Esperanza Spalding was the name which became famous and infamous at the same time when she won Best New Artist category at the 53rd Grammy Awards. Little known before the prestigious event, the jazz singer beat the odds when her name was called out instead of more established names such as Justin Bieber, Drake, Florence and the Machine and Mumford & Sons. She became the first jazz artist to win the category.
Spalding was born in 1984 to a Welsh/Hispanic/Native American mother and African-American father who got divorce when she was little. Her mom raised her and her brother as a single parent in Portland, Oregon, in a neighborhood which she described as "pretty scary". Her interest in music came mainly from her mom who was not only encouraging her daughter to enter music schools but also studied music herself.
Spalding credited cellist Yo Yo Ma for sparking her love of music when she was only four. She taught herself on how to play violin and joined her mother when she enrolled in a college to study jazz guitar. "Going with her to her class, I would sit under the piano. Then I would come home and I would be playing her stuff that her teacher had been playing," Spalding recalled.
Her skill in instrument-playing expanded when she found other options such as the oboe, cello and clarinet. But it was bass which caught her attention the most. She said, for her discovering the bass was like "waking up one day and realizing you're in love with a co-worker." In her mid-teens, Spalding started to shape her skill in writing and singing. She provided lyrics and voice for a local indie group calling themselves Noise for Pretend.
By 16, she completed her high school and enrolled in music program at Portland State University under a scholarship. Although she was the youngest bass player in the program, Spalding got the attention from her teacher who encouraged her to apply for Berklee College of Music. Stricken by money, she started performing live in clubs in Portland and the job soon became regular. She admitted later on that these years allowed her to stretch as a musician.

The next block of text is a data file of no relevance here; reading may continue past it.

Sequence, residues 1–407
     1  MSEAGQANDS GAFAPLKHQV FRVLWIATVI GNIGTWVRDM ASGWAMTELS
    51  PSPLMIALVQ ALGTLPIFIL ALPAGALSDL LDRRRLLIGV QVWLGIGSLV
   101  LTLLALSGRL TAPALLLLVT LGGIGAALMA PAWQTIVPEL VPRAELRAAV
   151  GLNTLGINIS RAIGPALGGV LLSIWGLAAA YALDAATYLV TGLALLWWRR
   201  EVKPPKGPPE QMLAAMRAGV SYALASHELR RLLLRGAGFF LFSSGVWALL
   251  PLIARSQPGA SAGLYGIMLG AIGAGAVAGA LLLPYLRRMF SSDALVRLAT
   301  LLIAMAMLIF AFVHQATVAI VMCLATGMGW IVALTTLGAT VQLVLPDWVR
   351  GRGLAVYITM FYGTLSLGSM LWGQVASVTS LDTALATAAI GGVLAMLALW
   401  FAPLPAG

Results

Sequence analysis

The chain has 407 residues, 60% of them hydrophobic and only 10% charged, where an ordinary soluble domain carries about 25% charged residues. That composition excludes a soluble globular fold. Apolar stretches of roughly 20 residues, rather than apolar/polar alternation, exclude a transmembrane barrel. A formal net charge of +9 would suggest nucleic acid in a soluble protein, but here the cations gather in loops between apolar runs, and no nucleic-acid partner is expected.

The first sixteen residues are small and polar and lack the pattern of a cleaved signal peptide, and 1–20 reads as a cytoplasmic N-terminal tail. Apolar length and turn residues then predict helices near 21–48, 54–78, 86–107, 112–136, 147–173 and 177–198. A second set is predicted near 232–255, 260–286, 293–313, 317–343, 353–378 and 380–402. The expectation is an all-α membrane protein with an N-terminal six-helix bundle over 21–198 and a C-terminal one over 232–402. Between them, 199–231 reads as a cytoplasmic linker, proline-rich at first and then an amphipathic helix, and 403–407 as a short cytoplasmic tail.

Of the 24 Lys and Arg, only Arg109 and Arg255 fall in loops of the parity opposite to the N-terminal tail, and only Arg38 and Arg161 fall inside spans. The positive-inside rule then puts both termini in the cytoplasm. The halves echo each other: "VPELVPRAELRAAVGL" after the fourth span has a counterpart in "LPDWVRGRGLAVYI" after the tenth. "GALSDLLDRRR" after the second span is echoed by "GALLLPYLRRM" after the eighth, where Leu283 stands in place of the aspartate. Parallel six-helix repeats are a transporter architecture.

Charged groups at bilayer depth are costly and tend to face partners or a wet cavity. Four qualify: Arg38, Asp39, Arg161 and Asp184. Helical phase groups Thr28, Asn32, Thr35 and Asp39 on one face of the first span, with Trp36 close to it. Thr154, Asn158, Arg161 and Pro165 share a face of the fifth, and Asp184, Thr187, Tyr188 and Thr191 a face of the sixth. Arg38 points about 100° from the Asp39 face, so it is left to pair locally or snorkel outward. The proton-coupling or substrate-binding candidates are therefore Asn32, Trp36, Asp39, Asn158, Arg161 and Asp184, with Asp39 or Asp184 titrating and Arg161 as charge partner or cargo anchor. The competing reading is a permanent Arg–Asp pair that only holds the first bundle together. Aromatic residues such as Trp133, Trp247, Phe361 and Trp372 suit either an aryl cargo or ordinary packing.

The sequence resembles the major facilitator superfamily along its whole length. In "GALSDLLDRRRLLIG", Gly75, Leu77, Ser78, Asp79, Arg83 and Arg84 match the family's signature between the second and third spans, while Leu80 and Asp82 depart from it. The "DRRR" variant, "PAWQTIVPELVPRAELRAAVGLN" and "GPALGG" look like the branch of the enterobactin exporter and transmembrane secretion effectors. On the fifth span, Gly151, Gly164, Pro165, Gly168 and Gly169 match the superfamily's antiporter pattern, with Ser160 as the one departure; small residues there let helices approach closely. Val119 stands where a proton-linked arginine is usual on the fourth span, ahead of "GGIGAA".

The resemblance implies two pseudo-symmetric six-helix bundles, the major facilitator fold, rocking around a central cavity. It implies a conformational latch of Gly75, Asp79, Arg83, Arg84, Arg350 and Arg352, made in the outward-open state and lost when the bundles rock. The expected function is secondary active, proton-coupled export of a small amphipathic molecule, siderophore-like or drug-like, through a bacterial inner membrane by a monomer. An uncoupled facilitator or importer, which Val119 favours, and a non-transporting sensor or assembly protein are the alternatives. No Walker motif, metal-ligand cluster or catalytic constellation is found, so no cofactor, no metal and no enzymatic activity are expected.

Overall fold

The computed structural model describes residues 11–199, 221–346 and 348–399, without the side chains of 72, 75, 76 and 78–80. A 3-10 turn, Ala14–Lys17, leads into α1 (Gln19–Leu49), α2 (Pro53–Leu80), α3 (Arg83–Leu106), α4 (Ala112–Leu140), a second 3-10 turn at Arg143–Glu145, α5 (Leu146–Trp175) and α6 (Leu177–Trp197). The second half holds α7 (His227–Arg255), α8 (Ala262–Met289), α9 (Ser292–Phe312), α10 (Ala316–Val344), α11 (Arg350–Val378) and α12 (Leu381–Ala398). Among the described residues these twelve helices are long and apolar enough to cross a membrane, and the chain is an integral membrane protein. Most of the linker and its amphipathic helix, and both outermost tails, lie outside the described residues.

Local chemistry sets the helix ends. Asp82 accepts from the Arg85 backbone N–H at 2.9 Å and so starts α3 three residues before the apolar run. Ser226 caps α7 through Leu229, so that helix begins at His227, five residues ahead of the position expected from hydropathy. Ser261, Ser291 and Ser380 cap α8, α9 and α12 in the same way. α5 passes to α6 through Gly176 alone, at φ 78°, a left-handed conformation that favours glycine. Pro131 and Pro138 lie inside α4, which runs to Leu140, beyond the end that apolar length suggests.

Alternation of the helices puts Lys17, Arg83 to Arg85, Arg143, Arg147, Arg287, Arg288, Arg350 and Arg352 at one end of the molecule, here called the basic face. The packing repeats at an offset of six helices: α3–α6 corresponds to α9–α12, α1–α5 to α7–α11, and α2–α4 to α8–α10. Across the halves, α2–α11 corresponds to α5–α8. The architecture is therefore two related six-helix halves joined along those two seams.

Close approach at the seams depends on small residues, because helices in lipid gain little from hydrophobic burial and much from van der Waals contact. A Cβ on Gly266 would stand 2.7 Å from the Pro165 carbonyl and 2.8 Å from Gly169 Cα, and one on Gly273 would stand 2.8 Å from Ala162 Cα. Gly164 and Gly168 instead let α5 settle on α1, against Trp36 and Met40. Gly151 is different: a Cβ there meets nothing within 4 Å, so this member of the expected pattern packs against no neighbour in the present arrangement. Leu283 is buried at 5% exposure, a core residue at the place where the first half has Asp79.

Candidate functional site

One thing lead to another, connections landed her a job as a supporting singer at Ella Fitzgerald tribute tour "For Ella". She also studied under the experts, went on a tour and absorbed like a sponge. "I am surrounded by prodigies everywhere I go, but because they are a little older than me, or not a female, or not on a major label, they are not acknowledged as such," she said.
She landed a teaching job at the age of 20 when Berklee College of Music wanted her to teach "on transcribing as a tool for learning harmony and theory". Meanwhile, she began recording her music, releasing her first album in 2006 under the title "Junjo". It was followed by two others in 2008 and 2010, the latest, titled "Chamber Music Society", which re-entered the Hot 200 chart after her Grammy win.
Spalding never thought that she would land a nomination, let alone win it. "I certainly did not expect to even be considered for that type of nomination, me being a little old jazz musician and everything," she told EW in December after the nominees were announced.
By February 2011 she was in the middle of recording her fourth album which would be released at the end of the year. "I want to take a lot of the players that I know that are really phenomenal jazz musicians right now, put them in these songs, and format it in a way that will end up on the radio without compromising the soul and the core of improvised music," she viewed the project.